Book review: 'Where There's a Will'
When it comes to the inevitability of death, ignorance is very rarely bliss, both for those who die and for those who are left behind. All credit, then, to Michael Kerrigan for blowing the cobwebs from death's dusty measure in new tome Where's there's a Will, writes Sarah Stone.
Where There's a Will aims to address our cultural and social reluctance to talk about and plan for our deaths by guiding us gently through some of the innumerable issues it encompasses. As author Michael Kerrigan says in the preface, no book could embrace death in all its guises, and Where There’s a Will doesn’t try. Instead, it seeks to "acknowledge the myriad possibilities of mortality while at the same time trying to point out the common ground". This common ground includes end-of-life wishes, funerals, organ donation, wills and the increasingly pressing problem of what happens to your digital persona when you die.
While the book is billed as a 'practical guide to taking charge of your affairs', the focus is not entirely pragmatic, with passages on giving comfort to the dying and making sense of a death. It could be a dry read, it should be a depressing read, but it's not, peppered, as it is, with colourful anecdotes and intimate personal stories, famous quotes and poetry, and historical and cultural accounts of death. Among these are tales of those who have had the peculiar experience of reading their own obituaries; John Cleese's legendary eulogy at fellow Python Graham Chapman's memorial service; and a poem written by human rights campaigner Peter Tatchell.
This is very much a book for the lay public rather than the 'death academia ' or professionals, although both have significantly contributed. Throughout, whether discussing agnosticism in relation to the afterlife or tackling the thorny subject of assisted dying, Kerrigan's tone is carefully neutral and balanced. He doesn't seek to challenge our beliefs about death, rather to chivy us into considering it, full stop.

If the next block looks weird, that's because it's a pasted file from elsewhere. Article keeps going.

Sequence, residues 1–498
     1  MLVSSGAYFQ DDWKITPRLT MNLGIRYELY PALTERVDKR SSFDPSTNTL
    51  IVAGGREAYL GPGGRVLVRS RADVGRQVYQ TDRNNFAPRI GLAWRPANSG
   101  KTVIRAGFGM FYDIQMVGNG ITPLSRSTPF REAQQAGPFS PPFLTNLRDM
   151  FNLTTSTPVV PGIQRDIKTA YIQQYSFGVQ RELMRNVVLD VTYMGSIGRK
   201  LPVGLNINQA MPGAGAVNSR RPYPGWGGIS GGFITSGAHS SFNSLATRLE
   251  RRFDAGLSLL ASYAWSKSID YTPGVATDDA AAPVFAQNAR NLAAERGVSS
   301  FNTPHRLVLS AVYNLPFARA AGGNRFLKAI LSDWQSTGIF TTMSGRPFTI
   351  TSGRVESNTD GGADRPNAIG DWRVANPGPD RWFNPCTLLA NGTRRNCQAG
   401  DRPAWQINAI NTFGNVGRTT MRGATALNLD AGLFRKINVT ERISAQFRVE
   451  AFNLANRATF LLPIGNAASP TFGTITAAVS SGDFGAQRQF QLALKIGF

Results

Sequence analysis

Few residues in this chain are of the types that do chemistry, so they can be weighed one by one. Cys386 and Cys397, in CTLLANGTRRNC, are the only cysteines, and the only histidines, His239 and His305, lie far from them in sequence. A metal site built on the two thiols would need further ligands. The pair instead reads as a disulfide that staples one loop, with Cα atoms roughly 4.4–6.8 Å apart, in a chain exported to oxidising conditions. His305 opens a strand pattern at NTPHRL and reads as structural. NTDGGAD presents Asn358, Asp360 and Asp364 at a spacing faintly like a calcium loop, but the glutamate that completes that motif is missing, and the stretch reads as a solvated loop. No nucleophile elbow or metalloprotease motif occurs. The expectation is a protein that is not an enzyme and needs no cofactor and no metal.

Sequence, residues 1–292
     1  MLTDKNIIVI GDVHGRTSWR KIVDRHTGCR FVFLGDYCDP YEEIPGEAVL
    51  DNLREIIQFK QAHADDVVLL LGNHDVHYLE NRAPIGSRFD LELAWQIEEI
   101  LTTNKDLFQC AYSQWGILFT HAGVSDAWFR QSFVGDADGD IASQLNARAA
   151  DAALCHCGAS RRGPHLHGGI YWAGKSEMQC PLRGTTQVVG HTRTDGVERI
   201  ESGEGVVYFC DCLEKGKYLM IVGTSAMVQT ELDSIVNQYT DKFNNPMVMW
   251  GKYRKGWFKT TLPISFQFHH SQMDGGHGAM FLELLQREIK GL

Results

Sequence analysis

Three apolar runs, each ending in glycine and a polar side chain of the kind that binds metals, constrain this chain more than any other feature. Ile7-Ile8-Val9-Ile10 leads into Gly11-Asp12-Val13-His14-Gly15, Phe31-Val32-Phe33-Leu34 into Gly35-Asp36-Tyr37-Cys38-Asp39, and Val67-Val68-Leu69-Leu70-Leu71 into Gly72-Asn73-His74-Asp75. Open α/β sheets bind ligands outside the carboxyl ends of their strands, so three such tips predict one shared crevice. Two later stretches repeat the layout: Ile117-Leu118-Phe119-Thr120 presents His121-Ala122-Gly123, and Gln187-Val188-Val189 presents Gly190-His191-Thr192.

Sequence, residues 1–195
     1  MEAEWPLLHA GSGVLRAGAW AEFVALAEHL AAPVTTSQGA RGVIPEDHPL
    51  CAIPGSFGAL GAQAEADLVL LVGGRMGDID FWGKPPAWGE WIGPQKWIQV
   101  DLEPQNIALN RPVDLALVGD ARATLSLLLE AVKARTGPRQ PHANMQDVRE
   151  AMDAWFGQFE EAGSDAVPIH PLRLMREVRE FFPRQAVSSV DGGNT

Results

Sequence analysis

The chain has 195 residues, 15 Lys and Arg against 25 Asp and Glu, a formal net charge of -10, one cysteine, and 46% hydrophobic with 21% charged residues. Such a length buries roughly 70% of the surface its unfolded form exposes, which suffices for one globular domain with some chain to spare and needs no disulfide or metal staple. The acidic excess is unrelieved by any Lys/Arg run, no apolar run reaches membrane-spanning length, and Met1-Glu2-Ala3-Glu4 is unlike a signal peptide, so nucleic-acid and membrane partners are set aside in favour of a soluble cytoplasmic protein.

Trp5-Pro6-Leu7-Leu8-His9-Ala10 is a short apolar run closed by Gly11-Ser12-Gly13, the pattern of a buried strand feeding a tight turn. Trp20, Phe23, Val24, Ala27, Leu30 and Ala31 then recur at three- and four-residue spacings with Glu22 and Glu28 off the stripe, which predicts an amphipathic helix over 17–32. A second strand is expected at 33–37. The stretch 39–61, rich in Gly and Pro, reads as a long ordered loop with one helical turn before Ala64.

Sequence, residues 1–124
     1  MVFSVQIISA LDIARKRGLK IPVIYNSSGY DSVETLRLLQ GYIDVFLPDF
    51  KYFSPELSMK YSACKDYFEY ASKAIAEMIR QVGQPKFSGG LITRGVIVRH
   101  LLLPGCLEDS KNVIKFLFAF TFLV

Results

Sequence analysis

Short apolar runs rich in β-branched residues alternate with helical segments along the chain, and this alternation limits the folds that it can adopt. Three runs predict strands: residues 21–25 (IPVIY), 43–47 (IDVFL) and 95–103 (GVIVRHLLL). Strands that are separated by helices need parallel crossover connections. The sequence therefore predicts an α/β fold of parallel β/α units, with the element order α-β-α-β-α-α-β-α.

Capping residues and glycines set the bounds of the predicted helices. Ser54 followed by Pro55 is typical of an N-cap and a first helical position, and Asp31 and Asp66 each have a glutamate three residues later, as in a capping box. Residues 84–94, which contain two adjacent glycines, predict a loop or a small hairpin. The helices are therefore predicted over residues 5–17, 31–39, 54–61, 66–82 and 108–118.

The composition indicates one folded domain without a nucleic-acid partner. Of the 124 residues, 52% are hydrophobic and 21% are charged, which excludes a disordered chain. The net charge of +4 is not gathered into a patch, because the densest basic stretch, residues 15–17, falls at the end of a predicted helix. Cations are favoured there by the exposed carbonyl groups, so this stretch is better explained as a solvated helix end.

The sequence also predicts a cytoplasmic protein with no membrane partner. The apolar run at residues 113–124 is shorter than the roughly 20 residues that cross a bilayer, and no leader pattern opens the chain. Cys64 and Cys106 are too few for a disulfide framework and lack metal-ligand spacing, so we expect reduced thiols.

Where There's a Will aims to rob death of its 'destructive force' by helping us prepare for it thoughtfully, by facing it calmly and by carefully taking charge of our affairs. And it's when Kerrigan is urging us to seize the day before it seizes us that he is at his most compelling.
He writes: "For many, death’s cruellest torments are those arising from the helpless realisation that their personal and financial affairs are in disarray. That they’re departing life too late to take meaningful action, leaving their loved ones to deal not just with heartbreak, but with a major headache.
"We can make that task easy for them, or we can leave them with a tangled confusion to try to unravel, with all the distress (and perhaps the tension and bitterness) that this may entail."
While a supposition early on in the book that "few of us really want to die. In fact, in an ideal world, we’d live forever, if we had any say in the matter" is questionable (just 15% of people said they wanted to live forever in a Dying Matters poll last year; moreover, would anyone over the age of, say, 14, actually want to?), Kerrigan's dedication to improving our lot at the end of life isn't.
Win Where There's a Will
We have two copies of Where There's a Will up for grabs. For your chance to win, just answer the following question: 'Which human rights campaigner's poem features in Where's There's a Will?' Email your answer to firstname.lastname@example.org with the subject line 'Where's There's a Will'. Two winners will be picked at random and contacted by email. The draw closes at midnight, 31 May 2012. See our competition terms and conditions.
- 'Where's There's a Will' by Michael Kerrigan is published by Saraband on May 17 2012 to coincide with Dying Matters Awareness Week, RRP £9.99. Buy it it from Saraband.